By Adrienne Rich
On this earth, in this life, as I read your story, you’re lonely.
Lonely in the bar, on the shore of the coastal river
with your best friend, his wife, and your wife, fishing
lonely in the prairie classrooms with all the students who love
you. You know some ghosts
come everywhere with you yet leave them unaddressed
for years. You spend weeks in a house
with a drunk, you sober, whom you love, feeling lonely.
You grieve in loneliness, and if I understand you fuck in
I wonder if this is a white man’s madness.
I honor your truth and refuse to leave it at that.
What have I learned from stories of the hunt, of lonely men in gangs?
But there were other stories:
one man riding the Mohave Desert
another man walking the Grand Canyon.
I thought those solitary men were happy, as ever they had been.
Indio’s long avenues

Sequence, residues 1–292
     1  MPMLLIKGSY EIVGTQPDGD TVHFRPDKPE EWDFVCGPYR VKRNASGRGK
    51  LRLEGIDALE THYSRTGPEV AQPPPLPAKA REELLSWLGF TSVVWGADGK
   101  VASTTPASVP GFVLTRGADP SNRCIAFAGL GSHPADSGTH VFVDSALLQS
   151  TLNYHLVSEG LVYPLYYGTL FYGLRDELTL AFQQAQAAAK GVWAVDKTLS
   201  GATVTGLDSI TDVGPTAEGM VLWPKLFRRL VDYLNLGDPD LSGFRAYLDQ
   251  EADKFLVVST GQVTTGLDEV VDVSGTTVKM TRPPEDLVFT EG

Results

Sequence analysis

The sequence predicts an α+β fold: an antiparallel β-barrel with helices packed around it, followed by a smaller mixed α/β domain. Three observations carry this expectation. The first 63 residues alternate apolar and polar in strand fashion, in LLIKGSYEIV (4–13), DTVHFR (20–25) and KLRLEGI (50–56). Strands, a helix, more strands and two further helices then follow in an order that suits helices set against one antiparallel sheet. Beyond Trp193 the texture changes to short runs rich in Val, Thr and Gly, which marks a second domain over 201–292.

of Medjool date-palm and lemon sweep to the Salton Sea
in Yucca Flats of the high desert reaches higher, bleached and spare
At Twentynine Palms I found the grave
of Maria Eleanor Whallon, eighteen years, dead at the watering-hole in 1903, under the now fire-branded palms
Her mother traveled on alone to cook in the mining camps.
Hi Adrienne. I love your poem – On this Earth. I live in 29 Palms about two blocks away from Maria Whallon’s grave that you mentoned in the poem. I did an internet search on her name and your blog came up. You have a great talent for writing and I’ll be following along to read your blog in the coming months. Thank you and best wishes to you and your family. 🙂
Adrienne was a poet who died some time ago. I curate poems I like and place them on my blog for others to read.